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Morality Monday: M*A*S*H

“War isn’t Hell. War is war, and Hell is Hell. And of the two, war is a lot worse.”

— Captain Benjamin Franklin “Hawkeye” Pierce

How do I do what’s right when I’m given every encouragement to do what feels wrong?

That’s how I felt growing up, that the world was set up to benefit those who followed a set of rules that directly contradicted everything I had been taught was moral and virtuous. I was raised to adhere to a set of Protestant Christian values in the Midwestern United States, and my formative years took place in the late seventies and early eighties. During my high school years, M*A*S*H aired weekly and while I couldn’t be counted on to attend church on Sundays, on Monday evenings I eagerly adjourned to the TV room where I knew a new episode of M*A*S*H would be shown.

Many of the stories I found compelling were stories of soldiers, particularly Radar O’Reilly, being bullied by tougher types, because I was being bullied quite a lot at the time and I found the answers comforting. That it would be okay to have a set of principles that don’t revolve around being the strongest, toughest, and meanest. This message was reinforced by characters like “Hawkeye” Pierce and Captain B.J. Hunnicutt, who exhibited deeply pacifist ethics and occasional thoughtful introspection.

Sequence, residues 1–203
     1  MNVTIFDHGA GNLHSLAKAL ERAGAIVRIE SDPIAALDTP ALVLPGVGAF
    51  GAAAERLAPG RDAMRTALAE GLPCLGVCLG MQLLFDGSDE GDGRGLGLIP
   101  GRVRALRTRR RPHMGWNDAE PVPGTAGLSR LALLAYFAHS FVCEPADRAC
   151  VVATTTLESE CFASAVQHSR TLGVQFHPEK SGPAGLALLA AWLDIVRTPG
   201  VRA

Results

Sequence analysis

Growing up in rural Indiana, I found the emphasis on kindness and understanding refreshing, given that I saw so little of that in the real people around me. It showed me that people could live emotionally rich lives, and in situations of terrible stress and mayhem, could find powerful ways to live out lives in dignity, even when all around them were acting insanely, cruelly, even brutally.

They built islands of serenity in an ocean of war… I mean, police action.

“Listen, it’s too big a world to be in competition with everyone. The only person who I have to be better than is myself.”

— Colonel Sherman Potter

The person I most aspired to be was Hawkeye. Even though he was a porn hound, a womanizer, a ham, a drunk, and occasionally an emotional trainwreck, he had a core of liberal sensibility that shone through. All of his problems seemed to stem from the fact that he cared so deeply about the people around him. He felt like a cog in a murder machine that he couldn’t escape from: both because the army would have imprisoned him and ruined his life if he resisted violently, but also because he felt a duty to use his abilities and skills to provide solace and support to the many others in the same situation who made their way through the hospital.

I suppose my childhood, especially my high school years, felt very much like a war zone to me. I guess that sounds dramatic, but there were those who made it clear they’d be happy to kill me because of who I was, or because of who they thought I was. However real their threats were, they certainly felt real and it left me feeling constantly in danger of life and limb to an unjust situation without recourse.

I wanted to be able to deal with my situation with as much integrity as the doctors and nurses on M*A*S*H did.

To that end, I aspired to have a skill so necessary that people couldn’t live without me. That they would have to put up with me being different, radically different, because they needed my talents so badly.